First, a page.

Electrical Resistance (ER) Coupons operate on the principle that as a metal corrodes, its cross-sectional area decreases, causing an increase in its electrical resistance. These coupons, when incorporated into a system, provide a continuous measure of the corrosion rate by detecting changes in electrical resistance over time. This method, like LPR, allows for real-time monitoring and is particularly effective in environments where corrosion occurs uniformly across the surface. However, it’s important to note that ER coupons may not provide an accurate measure in cases where corrosion is localized or pitting occurs. Therefore, understanding the nature of the corrosion process in a specific system is critical for selecting the appropriate monitoring technique.

Corrosion Monitoring Coupon

Materials Used in Corrosion Monitoring Coupons

Corrosion Monitoring Coupons are crafted from a variety of materials to accurately represent the system they are monitoring. One of the most commonly used materials is carbon steel. Known for its high strength and durability, carbon steel is a typical choice for environments where high-stress resistance is required. Its corrosion behavior closely mirrors that of many industrial systems, making it an ideal candidate for corrosion monitoring in these contexts. However, the susceptibility of carbon steel to rusting when exposed to moisture and oxygen necessitates appropriate storage and handling to maintain its accuracy as a monitoring device.

In addition to carbon steel, a variety of other materials are utilized based on the specific requirements of the system under study. Stainless steel, for instance, is used when monitoring environments with high resistance to corrosion is necessary due to its inherent corrosion resistance properties. Brass, another commonly used material, provides insightful data when monitoring systems exposed to water, including plumbing and marine applications.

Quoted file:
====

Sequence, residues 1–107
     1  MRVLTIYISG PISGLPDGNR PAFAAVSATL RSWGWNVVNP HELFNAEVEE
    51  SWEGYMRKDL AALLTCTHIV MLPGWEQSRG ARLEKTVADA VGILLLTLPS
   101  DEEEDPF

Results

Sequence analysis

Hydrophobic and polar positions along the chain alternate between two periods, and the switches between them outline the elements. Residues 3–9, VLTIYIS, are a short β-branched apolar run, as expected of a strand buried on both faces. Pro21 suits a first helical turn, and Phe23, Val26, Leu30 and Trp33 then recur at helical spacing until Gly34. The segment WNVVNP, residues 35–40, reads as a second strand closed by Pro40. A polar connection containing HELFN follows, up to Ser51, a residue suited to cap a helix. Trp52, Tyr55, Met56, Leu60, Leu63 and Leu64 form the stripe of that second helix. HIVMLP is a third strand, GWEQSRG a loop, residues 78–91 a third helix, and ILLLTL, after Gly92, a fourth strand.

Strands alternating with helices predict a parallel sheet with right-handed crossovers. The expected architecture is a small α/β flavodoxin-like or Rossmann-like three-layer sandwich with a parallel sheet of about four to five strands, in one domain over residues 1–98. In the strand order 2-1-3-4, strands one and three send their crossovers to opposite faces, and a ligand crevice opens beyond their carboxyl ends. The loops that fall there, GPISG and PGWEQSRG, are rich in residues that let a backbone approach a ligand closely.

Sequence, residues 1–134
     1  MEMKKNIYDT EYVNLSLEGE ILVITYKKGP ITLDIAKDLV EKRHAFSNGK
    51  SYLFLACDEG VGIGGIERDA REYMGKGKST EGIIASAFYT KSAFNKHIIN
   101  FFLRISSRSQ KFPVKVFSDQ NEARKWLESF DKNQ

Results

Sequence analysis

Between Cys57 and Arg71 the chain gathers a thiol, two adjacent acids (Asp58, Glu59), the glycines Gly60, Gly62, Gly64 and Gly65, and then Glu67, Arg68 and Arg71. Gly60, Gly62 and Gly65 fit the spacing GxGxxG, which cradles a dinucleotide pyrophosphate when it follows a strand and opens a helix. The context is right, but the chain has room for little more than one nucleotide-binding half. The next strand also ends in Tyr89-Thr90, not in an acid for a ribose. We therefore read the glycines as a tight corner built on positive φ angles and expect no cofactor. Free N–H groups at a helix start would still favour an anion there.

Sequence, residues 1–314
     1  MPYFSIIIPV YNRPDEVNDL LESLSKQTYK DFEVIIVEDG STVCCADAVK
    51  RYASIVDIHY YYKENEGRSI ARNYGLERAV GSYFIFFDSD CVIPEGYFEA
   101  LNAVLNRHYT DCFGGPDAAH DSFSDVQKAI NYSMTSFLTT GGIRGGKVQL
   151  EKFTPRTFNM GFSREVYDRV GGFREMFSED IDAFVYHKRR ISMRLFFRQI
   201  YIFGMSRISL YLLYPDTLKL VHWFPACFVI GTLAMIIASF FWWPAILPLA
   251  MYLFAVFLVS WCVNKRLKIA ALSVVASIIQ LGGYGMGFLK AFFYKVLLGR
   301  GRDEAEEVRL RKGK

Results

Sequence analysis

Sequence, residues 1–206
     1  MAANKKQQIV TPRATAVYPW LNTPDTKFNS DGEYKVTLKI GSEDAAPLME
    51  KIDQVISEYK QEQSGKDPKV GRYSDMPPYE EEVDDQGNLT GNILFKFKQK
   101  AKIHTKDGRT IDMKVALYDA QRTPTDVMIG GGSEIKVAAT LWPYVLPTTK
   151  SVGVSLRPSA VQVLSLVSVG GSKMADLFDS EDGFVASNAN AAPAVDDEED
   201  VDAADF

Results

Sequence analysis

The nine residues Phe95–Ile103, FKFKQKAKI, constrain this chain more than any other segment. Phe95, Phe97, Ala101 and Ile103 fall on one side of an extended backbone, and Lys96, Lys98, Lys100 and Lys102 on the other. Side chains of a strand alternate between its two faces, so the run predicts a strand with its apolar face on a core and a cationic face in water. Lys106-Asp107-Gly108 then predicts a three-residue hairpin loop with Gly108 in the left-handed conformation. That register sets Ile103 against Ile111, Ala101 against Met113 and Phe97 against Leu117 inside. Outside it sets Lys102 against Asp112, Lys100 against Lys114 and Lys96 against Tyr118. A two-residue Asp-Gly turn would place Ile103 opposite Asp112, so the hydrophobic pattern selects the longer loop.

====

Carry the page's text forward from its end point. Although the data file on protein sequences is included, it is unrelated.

Copper and aluminum, other materials frequently used in corrosion coupons, offer unique benefits. Copper, known for its excellent electrical conductivity, is often used to represent sensitive electronic components in many systems. It provides valuable insights into the corrosivity of the environment towards electronic components. Similarly, aluminum, due to its lightweight nature and resistance to certain types of corrosion, is used in systems where these characteristics are valuable. It’s essential to select the appropriate material for the corrosion monitoring coupon, based on the specific nature of the system and the environment in which it operates.

Installation of Corrosion Monitoring Coupons

Installing Corrosion Coupons on Pipelines

Corrosion coupons are normally fitted in a coupon holder, which is then inserted into a coupon rack that is directly fixed onto the pipeline. This procedure should be carried out with caution to ensure that the coupon is properly positioned and exposed to the same circumstances as the pipeline. The coupon holder enables easy insertion and removal of the coupon without shutting down the entire system.

Corrosion Coupons Monitoring and Maintenance

Corrosion Coupons on the Pipeline must be monitored and maintained regularly once they are installed. Visual examinations are frequently performed to look for indicators of severe corrosion or damage. Cleaning the coupon holder and the surrounding region may be part of maintenance to avoid any external variables from impacting the coupon’s exposure to the pipeline environment.

Corrosion Coupons Retrieval for Analysis